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Underwriting Wave FAQ





"Won't an Underwriting Wave decimate our spot rate?"




We haven't yet done an Underwriting Wave that sends current clients stampeding for the exits or demanding a cheaper rate.


Here's why:


Most top clients are paying for premium placements: Morning Edition on NPR and shows like Downton Abbey on PBS.  You can offer those clients all the rotators you want and they'll just turn their noses up at you.  They want a premiere audience, and they're willing to pay to get it.


Underwriting Waves attract a different breed of sponsor: one that wants to reach your entire audience repeatedly over the course of an entire year.  They're willing to pay for what they want, too.  It's just that the objectives are different.

"How many prospects need to attend the presentations to be successful?"


Ideally, you should have 30 or more.  They can be split up over the course of multiple sessions.  For example, you can have 15 attend on Thursday and another 15 on  Friday.


Some Underwriting Waves have been successful with as few as 15 total attendees.   Others have reaped disappointing results with 40 attendees.  The number of attendees is important, but it's only one element of a successful Wave.

"Why do you give the presentations at lunch?"


Because we've been so successful that way.


Over the years, we've found that people who won't give us 10 minutes in their office will give us 90 minutes and drive to us if we buy them lunch.  We don't know much about psychology, but we can tell you that "free lunch" is a pretty powerful incentive.


Another nice thing about lunch presentations is that prospects tend to pay much closer attention.  We ask them to turn off their cell phones.  Without a cell phone ringing or a computer in front of them dinging every time an email arrives, we find that they can sit back and absorb the presentation better than they do in any other setting.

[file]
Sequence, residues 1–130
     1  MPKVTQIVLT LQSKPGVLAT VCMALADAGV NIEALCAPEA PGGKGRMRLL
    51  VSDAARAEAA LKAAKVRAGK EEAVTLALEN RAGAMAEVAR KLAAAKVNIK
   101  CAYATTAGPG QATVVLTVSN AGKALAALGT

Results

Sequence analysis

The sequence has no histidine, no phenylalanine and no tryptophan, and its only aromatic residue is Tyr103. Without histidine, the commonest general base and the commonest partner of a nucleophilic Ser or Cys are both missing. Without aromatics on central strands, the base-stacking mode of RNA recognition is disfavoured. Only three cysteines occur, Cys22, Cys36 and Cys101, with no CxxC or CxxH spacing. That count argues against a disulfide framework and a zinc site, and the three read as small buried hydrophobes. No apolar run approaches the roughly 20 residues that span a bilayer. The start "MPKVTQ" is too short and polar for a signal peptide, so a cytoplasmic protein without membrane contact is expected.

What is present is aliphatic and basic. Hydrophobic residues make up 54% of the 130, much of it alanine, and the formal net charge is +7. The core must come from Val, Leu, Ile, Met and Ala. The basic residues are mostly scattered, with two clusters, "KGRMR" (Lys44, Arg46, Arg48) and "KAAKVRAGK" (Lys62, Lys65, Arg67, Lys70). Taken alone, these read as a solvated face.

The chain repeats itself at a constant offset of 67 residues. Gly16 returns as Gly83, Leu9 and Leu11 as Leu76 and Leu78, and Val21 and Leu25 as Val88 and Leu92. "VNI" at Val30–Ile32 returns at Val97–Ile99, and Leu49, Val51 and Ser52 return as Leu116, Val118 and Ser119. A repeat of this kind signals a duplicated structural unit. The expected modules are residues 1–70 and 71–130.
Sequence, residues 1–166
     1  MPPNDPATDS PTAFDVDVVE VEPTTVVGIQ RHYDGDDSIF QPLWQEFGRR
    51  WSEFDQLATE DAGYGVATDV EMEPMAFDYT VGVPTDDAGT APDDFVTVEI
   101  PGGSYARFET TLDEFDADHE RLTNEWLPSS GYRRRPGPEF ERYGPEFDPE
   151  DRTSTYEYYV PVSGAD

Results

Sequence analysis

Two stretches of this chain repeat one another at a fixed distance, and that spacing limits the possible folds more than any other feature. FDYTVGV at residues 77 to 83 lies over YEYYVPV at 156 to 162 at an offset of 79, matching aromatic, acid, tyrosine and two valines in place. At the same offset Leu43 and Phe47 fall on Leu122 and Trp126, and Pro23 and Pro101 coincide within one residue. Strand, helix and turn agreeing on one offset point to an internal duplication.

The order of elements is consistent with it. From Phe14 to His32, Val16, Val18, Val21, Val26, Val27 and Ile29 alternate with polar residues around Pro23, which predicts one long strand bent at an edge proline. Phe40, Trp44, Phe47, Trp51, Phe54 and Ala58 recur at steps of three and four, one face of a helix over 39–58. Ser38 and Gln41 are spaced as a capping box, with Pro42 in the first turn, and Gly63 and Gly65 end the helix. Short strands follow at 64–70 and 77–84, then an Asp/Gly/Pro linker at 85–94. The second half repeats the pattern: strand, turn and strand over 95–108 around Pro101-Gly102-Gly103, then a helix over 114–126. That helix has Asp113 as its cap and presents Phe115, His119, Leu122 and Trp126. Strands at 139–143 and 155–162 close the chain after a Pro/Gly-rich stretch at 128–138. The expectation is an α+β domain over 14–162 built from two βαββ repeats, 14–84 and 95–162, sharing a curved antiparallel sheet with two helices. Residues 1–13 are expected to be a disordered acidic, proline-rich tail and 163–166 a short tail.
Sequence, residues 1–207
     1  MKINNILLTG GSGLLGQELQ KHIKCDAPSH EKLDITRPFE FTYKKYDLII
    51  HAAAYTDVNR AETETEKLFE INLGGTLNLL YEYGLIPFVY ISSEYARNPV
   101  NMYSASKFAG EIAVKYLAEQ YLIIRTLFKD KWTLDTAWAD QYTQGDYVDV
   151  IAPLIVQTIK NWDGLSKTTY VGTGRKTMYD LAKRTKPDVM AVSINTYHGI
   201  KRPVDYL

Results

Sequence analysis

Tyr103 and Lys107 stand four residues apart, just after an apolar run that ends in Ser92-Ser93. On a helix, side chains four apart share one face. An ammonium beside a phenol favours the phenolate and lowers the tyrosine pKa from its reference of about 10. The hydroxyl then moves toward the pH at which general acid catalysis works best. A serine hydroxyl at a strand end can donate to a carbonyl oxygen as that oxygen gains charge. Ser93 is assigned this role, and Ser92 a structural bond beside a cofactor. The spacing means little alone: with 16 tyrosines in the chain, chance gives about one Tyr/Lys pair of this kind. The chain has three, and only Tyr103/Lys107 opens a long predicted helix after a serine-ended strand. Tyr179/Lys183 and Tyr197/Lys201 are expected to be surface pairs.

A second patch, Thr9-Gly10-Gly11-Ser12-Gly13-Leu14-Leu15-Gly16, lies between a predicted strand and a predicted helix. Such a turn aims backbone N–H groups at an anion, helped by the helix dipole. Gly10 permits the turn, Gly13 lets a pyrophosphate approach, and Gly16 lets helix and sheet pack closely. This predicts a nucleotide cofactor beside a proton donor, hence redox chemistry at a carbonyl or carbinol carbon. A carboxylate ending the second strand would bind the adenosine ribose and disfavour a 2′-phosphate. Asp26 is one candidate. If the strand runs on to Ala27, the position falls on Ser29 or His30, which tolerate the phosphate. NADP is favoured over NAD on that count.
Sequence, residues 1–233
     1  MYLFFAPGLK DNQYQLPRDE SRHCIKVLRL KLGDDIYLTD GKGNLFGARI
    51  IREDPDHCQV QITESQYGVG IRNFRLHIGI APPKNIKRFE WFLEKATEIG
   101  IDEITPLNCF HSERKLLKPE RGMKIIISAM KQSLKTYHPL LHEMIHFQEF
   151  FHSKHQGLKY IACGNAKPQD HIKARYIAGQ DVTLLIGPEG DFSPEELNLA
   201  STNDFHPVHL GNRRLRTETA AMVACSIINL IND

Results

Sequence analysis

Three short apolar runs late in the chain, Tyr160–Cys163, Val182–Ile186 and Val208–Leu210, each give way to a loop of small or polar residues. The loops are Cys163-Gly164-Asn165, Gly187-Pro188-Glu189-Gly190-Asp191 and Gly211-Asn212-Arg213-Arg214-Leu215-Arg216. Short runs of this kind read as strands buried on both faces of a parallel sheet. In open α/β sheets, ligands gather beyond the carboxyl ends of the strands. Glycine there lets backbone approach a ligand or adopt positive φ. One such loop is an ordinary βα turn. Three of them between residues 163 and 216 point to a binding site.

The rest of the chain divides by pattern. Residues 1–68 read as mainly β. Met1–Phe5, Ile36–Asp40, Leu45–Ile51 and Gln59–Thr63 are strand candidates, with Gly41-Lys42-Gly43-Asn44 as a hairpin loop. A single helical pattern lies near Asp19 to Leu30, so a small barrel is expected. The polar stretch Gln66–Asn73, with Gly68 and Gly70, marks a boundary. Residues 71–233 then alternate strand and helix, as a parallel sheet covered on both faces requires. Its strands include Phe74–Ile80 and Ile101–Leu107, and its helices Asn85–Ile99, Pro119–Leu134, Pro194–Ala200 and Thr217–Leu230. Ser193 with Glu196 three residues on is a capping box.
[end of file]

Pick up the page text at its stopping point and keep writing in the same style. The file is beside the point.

Public broadcasting is a unique value proposition.  It takes a well-prepared, 30 minute presentation to really tell its story.  We've had more success getting that attention at a lunch than in any other setting.


"Where is the best place to host the lunch and what should we serve?"


The answer to both questions is that it doesn't much matter.


For the presentations, we require a projector and a screen.  It's also nice to have sound, but if the sound isn't wired into the venue, the speakers from a desktop computer typically work just fine.  So, as long as the venue has those elements, it should work


If you have a nice studio, that's a great place to host lunches.  We work in TV and radio stations every day, so it's no big deal to us, but most people outside of the business think that having lunch in a TV studio is pretty cool.


Retaurant meeting rooms work just fine, too.


As far as the meal goes, the only thing we're adamant about is that there must be salad.  In our experience, the majority of attendees are women, and some of them will eat nothing but salad.


"Should we host a breakfast, too?"


Typically, no.  At least not in most markets.